Electric Power and Energy Systems
The electric power and energy systems curriculum in the School of Electrical, Computer and Energy Engineering includes six upper division undergraduate and fourteen graduate courses in the area of power system analysis, power generation, transmission and distribution, power system dynamics and stability, energy conversion, electric machines, power electronics, high voltage engineering, and nuclear power engineering. An undergraduate power laboratory supports the teaching of energy conversion. A relay protection and power electronics laboratory provide hands on experience in the field of electrical power supplies, drives and network protection systems. The graduate research program is supported by the Power System Computational Laboratory, the High Voltage Laboratory, Insulation Laboratory, Advanced Power Electronics Laboratories and Power Plant Diagnostics Laboratory. In addition, the use of computers is integrated into all of the upper division undergraduate and graduate courses to enhance the theoretical material taught in the courses.
ASU is the lead university in the Power Systems Engineering Research Center (PSERC), an industrially and federally supported program of industry/university cooperation. Students are exposed to industrial projects, professional society meetings, laboratory experience, and research partially supported by PSERC. More information about PSERC may be found at http://www.pserc.org
Also, the ASU power engineering program is part of a NSF funded engineering research center, the Future Renewable Electric Energy Distribution Management (FREEDM) center. The FREEDM center deals with the use of solid state controllers and devices to implement a ‘next generation’ power distribution system, including distributed energy resources.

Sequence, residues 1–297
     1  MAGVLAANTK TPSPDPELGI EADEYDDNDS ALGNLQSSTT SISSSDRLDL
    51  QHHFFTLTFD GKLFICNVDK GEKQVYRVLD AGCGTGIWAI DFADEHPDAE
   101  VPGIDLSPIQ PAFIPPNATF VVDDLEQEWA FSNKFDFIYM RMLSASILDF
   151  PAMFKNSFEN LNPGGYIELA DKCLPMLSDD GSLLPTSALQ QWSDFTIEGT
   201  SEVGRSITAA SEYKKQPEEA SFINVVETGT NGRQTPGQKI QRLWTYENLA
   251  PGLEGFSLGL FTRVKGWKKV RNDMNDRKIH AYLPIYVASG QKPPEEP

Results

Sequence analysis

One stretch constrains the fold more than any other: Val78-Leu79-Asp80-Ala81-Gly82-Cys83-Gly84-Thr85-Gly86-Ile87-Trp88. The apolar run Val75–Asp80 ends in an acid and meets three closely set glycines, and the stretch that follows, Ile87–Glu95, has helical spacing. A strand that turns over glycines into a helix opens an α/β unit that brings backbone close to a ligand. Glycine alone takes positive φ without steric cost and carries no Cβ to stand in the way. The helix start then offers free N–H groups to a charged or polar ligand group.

EEE 460: Nuclear Power Engineering
EEE 463: Electrical Power Plants
EEE 470: Electric Power Devices
EEE 471: Power System Analyses
EEE 472 – Power Electronics
EEE 473: Electrical Machinery
EEE 562: Nuclear Reactor Theory and Design
EEE 563: Nuclear Reactor System Dynamics and Diagnostics
EEE 564: Interdisciplinary Nuclear Power Operations
EEE 571: Power System Transients
EEE 572: Advanced Power Electronics
EEE 574: Computer Solution of Power System
EEE 577: Power Engineering Operations and Planning
EEE 579: Power Transmission and Distribution
EEE 598: Electric Power Quality
EEE 598: Power System Stability
EEE 598: Power System Dynamics
EEE 598 : Power Electronics applications in Power Systems
EEE 770: Advanced Topics in Power Systems
The power program concentrates on masters level and PhD education, which is sponsored by the Electric Power Research Institute (EPRI), National Science Foundation, National Laboratories, power utilities and private industry. The Center for the Advanced Control of Energy and Power Systems sponsors research in electric power quality and control of power systems. Particularly close cooperation has been developed with the local utilities: Salt River Project and Arizona Public Service Company. The yearly industrial support is around $1 million, and the faculty and students publish several journal and conference papers. Most of the Ph.D. students receive financial support in the form of research or teaching assistantships. The research effort is focused in the following areas:
The power electronics group focuses on research on high performance, switch mode power converters and control for a wide range of applications including voltage regulators for modern microprocessors, compact power supplies for space applications, motor drives with high performance PWM techniques, solid state transformers, power converters for renewable energy resources and power electronic control of power systems. We work on developing new topologies, control methods and PWM techniques to enhance the efficiency, power density, power quality and dynamic performance of the converters used in these and other emerging applications.